Friday Squid Blogging: 1866 Parisienne Squid Fad

Started by Victor Hugo:

Hugo turned away from social/political issues in his next novel, Les Travailleurs de la Mer (Toilers of the Sea), published in 1866. Nonetheless, the book was well received, perhaps due to the previous success of Les Misérables. Dedicated to the channel island of Guernsey where he spent 15 years of exile, Hugo’s depiction of Man’s battle with the sea and the horrible creatures lurking beneath its depths spawned an unusual fad in Paris: Squids. From squid dishes and exhibitions, to squid hats and parties, Parisiennes became fascinated by these unusual sea creatures, which at the time were still considered by many to be mythical.

Posted on May 19, 2006 at 4:09 PM6 Comments


Selki May 20, 2006 9:03 AM

How interesting, I thought they were from the Arts and Crafts movement (, popular with artists because their tentacles could be used for the curved lines they (and the later Art Nouveau crowd) loved, but I guess the Hugo squid fans got there first.

By the way, I really enjoy your Friday squid blogging as leaven for all the security dough. In my own journal, I finally posted an Infrastructure Roundup yesterday after taking the month off (posts about my weekends, the Elgin Marbles, historical fiction, and so on). One reader’s response? “depression-fest” sigh

another_bruce May 20, 2006 10:59 AM

les miserables was made into a big broadway musical. any chance hugo’s les travailleurs can go the same route? singing parts for squids? the theater-going public has accepted singing cats.

Snipe May 22, 2006 5:17 AM

“Schneier turned away from security issues in his next book, Beyond Cephalopods, published in 2007…”

Ale May 22, 2006 8:05 AM

So Verne’s “20000 Leagues under the Sea” (published around 1870) and its famous squid battle may actually owe to Victor Hugo? In fact, many of Verne’s novels around that time feature the seas and its fauna. “No man is an island”, indeed.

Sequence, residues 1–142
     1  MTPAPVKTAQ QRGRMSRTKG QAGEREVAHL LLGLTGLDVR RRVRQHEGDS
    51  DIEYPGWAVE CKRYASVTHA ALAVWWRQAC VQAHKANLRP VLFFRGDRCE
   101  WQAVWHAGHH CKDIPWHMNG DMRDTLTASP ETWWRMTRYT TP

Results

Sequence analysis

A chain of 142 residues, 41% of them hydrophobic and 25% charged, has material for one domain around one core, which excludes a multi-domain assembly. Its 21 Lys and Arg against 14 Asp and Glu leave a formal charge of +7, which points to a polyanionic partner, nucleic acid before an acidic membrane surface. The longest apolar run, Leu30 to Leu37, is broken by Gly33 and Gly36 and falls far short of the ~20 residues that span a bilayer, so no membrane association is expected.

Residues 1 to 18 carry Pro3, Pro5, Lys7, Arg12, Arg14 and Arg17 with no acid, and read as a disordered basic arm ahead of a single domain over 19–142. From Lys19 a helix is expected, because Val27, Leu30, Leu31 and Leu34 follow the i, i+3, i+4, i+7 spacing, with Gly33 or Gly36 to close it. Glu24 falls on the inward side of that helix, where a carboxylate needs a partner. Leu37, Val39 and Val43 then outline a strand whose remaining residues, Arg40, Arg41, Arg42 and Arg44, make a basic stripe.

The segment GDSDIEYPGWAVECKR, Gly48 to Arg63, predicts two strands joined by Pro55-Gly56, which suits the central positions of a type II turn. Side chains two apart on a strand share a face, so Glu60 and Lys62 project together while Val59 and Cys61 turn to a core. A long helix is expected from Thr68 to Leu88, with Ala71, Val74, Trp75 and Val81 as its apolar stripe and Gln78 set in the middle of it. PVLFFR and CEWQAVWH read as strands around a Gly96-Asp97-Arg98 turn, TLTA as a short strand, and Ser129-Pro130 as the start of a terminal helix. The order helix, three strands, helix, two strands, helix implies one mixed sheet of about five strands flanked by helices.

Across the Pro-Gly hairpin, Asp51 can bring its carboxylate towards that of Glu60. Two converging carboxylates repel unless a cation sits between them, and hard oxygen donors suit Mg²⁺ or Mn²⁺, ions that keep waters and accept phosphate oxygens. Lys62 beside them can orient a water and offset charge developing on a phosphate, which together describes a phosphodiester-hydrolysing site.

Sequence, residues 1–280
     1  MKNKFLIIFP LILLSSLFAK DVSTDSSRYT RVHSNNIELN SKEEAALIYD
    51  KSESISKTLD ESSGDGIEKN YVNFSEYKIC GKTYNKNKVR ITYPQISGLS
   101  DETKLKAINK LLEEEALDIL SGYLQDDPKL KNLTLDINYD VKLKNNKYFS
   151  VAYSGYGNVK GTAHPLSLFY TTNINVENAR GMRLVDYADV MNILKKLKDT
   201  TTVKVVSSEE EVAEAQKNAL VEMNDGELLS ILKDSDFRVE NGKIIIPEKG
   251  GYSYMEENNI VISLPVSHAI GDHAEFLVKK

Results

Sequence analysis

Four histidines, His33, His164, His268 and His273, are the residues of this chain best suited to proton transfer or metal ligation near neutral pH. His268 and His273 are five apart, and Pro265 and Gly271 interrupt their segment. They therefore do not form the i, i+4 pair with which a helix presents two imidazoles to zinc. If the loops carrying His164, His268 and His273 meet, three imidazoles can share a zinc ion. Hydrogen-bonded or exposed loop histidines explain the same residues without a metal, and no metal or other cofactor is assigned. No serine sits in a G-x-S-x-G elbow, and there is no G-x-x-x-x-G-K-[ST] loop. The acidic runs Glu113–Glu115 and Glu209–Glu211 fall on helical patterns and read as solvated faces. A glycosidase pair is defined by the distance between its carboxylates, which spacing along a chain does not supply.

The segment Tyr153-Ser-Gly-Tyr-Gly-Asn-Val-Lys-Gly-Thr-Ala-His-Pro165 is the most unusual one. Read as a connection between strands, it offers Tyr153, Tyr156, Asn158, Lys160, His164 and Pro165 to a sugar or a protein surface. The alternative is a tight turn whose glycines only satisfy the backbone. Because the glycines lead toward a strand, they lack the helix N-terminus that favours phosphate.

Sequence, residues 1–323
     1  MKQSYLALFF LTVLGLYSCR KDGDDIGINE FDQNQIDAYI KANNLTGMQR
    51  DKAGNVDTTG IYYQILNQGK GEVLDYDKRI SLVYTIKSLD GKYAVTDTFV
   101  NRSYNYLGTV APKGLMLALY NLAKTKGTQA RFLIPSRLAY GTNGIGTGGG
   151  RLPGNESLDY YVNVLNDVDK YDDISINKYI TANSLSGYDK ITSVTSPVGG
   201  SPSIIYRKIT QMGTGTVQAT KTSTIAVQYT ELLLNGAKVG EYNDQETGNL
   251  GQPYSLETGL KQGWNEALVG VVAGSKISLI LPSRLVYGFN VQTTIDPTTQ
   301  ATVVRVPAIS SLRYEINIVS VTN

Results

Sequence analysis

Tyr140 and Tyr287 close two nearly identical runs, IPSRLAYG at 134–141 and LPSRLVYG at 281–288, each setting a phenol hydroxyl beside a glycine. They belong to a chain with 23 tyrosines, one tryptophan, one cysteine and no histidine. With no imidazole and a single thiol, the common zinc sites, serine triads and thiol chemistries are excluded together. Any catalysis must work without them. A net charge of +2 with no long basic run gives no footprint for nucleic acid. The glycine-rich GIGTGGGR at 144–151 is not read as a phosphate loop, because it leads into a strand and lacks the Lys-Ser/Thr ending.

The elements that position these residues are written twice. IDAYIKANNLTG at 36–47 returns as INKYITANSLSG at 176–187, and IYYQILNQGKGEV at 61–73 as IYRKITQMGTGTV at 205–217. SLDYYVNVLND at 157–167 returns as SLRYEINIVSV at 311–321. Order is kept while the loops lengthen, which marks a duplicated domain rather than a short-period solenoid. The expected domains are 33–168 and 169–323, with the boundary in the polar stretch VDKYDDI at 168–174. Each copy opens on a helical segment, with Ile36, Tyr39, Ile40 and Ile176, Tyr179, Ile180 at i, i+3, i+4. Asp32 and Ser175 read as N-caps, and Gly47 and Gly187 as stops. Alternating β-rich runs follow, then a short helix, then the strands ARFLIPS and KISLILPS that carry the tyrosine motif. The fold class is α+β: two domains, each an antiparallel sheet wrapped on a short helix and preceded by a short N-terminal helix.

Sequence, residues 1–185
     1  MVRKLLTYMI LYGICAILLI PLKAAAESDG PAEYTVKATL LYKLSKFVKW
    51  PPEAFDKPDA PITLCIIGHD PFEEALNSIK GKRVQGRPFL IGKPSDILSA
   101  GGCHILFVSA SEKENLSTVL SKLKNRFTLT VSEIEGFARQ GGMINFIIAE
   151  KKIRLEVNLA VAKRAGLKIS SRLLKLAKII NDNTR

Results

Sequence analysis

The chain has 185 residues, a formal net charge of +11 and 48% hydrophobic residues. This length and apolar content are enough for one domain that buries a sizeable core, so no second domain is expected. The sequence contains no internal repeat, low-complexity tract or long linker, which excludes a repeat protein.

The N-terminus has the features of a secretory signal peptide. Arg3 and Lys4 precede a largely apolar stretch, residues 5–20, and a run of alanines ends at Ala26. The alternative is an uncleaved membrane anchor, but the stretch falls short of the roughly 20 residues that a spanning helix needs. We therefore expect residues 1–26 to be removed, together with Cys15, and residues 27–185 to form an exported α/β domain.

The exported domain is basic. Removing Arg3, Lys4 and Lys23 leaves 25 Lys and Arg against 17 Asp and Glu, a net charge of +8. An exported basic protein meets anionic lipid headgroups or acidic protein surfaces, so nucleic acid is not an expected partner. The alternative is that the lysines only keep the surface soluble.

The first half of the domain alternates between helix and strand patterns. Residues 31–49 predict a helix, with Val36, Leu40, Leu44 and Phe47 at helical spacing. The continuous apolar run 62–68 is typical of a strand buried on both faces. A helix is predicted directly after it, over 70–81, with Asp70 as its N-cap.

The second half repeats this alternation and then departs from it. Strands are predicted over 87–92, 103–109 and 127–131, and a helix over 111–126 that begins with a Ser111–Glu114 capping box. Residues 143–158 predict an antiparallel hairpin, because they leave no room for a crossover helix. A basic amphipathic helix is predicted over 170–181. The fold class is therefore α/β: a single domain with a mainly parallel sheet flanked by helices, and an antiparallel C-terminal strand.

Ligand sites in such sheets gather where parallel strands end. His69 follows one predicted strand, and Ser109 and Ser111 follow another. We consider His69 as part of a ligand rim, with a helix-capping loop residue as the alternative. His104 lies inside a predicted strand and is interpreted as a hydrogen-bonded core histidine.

jsnow May 23, 2006 2:55 PM

I’ve read the toilers of the sea. It is a good book, but (like some of Hugo’s other books) is quite depressing in places. The story is about a steam ship that is wrecked on a reef, and the retrieval of its engine. (Secondarily, it is about the dangers that beautiful women pose to the unwary.) The protagonist is at one point attacked by a large sea creature (which was translated as octopus in the version I read, and that seems to match with the description given, though according to the wikipedia article you cite, on Guensery the same word was used for octopus and squid).

“To believe in the octopus, one must have seen it. Compared with it, hydras of old are laughable. At certain moments, one is tempted to think that the intangible forms which float through our vision encounter in the realms of the possible certain magnetic centres in which their lineaments cling, and from these obscure fixations of the living dream, beings spring forth. The unknown has the marvellous at its disposal, and it makes use of it to compose the monster. Orpheus, Homer, and Hesiod were only able to make the Chimera: God made the octopus.

“When God wills it, he excels in the execrable.

“The wherefore of this will affrights the religious thinker.” (Isabel F. Hapgood translation)

Hugo seems not to have been particularly sympathetic towards cephalopods.

Roger May 24, 2006 1:55 AM

Apparently the word Hugo uses — pieuvre — is from the Guernsey patois “Dgèrnésiais”, and might mean either octopus or squid. However, the wikipedia article on the book, at:
includes an illustration allegedly made by Hugo himself, and the animal in it has eight tentacles.

I expect most people of the time didn’t consider the difference to be significant if they thought them to be mythical. But Architeuthis was first scientifically described in 1857, and a large chunk of one made available to other scientists in 1861, so people who still thought giant squids mythical in 1866 were a bit behind the times.

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